Header graphic for print

Food Safety News

Breaking news for everyone's consumption

Food Standards Agency

Could the UK Chicken Price War be Adding to the Campylobacter Problem?


Some critics say that the health of British families is being put at risk because an ongoing retail “price war” on chicken is keeping investments from being made to help reduce Campylobacter contamination. Professor Chris Elliott, who conducted the British government’s inquiry into the 2013 horse meat scandal, says that U.K. chicken farms could limit the Campylobacter incidence by not “thinning”… Continue Reading

UK Woman Sickened by Norovirus From Oysters Despite Not Eating Them


A British woman was recently sickened with norovirus from oysters, although she hadn’t eaten any. It turns out that she got the infection from a friend who got it from eating the oysters. Natalie Dye, 49, of Esher, Surrey, reportedly dined at a restaurant with friends after a seaside holiday and consciously avoided eating any oysters,… Continue Reading

UK’s Food Standards Agency Publishes Revised Meat Industry Guidance


A newly revised 20-chapter version of Meat Industry Guidance has been published across the pond by the United Kingdom’s Food Standards Agency (FSA). The product is the work of a panel of government and industry representatives and was written to clarify legal requirements, provide useful tips, and teach good practice principles. FSA says its new Meat Industry… Continue Reading

Current UK Controls on Raw Milk Found Sufficient


The Food Standards Agency (FSA) in the United Kingdom has decided to keep current restrictions on the sale of raw milk in place. It is legal in England, Wales, and Northern Ireland to supply raw or unpasteurized milk directly to consumers, but it may not be sold at retail or through supermarkets. FSA decided against… Continue Reading

UK Food Standards Agency: Nestlé’s Maggi Noodles Do Not Contain Excess Lead

Maggi Noodles

The United Kingdom’s food safety regulatory agency has stated that Nestlé’s Maggi noodles do not contain excess lead and are safe to consume. “The FSA can confirm that results from testing samples of Maggi noodles in the UK have all found that levels of lead in the product [are] well within EU permissible levels and would… Continue Reading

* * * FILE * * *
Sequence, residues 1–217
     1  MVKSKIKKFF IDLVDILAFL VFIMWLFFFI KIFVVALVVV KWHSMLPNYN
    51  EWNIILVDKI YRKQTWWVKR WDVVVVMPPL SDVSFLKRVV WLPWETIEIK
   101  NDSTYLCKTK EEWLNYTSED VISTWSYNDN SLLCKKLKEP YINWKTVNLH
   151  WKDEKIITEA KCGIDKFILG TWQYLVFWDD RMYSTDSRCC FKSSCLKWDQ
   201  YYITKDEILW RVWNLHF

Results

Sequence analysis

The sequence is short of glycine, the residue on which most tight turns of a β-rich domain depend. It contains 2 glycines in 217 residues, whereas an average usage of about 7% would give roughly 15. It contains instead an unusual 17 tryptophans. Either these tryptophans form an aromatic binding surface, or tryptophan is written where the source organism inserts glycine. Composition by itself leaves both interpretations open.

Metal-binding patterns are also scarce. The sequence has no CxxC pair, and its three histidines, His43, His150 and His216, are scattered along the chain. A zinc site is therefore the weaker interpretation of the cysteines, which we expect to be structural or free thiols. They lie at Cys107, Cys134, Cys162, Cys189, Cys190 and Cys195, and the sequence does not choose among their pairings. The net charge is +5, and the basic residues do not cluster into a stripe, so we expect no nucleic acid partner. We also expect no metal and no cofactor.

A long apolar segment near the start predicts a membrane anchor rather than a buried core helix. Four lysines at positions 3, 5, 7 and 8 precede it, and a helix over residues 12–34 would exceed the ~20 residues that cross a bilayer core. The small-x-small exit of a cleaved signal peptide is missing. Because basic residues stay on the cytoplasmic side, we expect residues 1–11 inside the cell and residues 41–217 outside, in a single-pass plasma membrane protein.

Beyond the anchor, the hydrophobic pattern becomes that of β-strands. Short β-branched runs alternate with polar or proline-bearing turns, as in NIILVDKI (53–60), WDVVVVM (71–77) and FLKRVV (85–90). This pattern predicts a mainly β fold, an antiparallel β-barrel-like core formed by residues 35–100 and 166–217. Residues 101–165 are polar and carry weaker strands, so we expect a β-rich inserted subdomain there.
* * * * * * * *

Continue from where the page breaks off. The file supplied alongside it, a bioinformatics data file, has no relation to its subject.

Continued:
Year-Long Survey Finds Campylobacter on 73 Percent of UK Chicken


After a year of testing store-bought chicken in the United Kingdom for Campylobacter, the Food Standards Agency there has published the results — and they’re pretty dismal. More than 4,000 samples of fresh whole chilled chickens and packaging were collected between February 2014 and February 2015, and 73 percent of the chickens tested positive for the… Continue Reading

UK Launches Food Safety Week With Chicken Challenge


According to new data from the Food Standards Agency (FSA), one-third of the U.K. population could contract food poisoning from Campylobacter over the course of their lifetime. FSA released the figure — based on the current infection rates of approximately 280,000 people per year — to kick off its 2015 Food Safety Week and the… Continue Reading

UK Foodborne Virus Reports Identify Areas Needing More Research


There were two reports published Wednesday on the status of viruses in the UK food chain. The first, a report by Food Standards Agency (FSA) Chief Scientific Advisor Guy Poppy, explores what viruses in food are, how they cause disease, how FSA is working with others to use science to understand them, and some of… Continue Reading

Defendants Sentenced in UK Horse Meat Scandal

Judge notes suspicion of complicity


The first prosecutions brought in England following Europe’s 2013 horse meat scandal ended with one defendant getting a fine and another a short and suspended prison sentence, but only for what they’ve admitted doing. A Dutch trial getting underway today could bring a different outcome. Southwark Crown Court Judge Alistair McCreath did provide a lecture along… Continue Reading

High UK Chicken Campylobacter Levels Renew Discussions About Using Chemical Washes


Last week’s “fame and shame” about the high percentage of Campylobacter-contaminated fresh chickens sold by retail stores in the United Kingdom is being followed by renewed discussions about interventions their poultry industry should try to reduce the U.K.’s most common cause of bacterial gastrointestinal disease. Those discussions, say experts, could see the UK at least… Continue Reading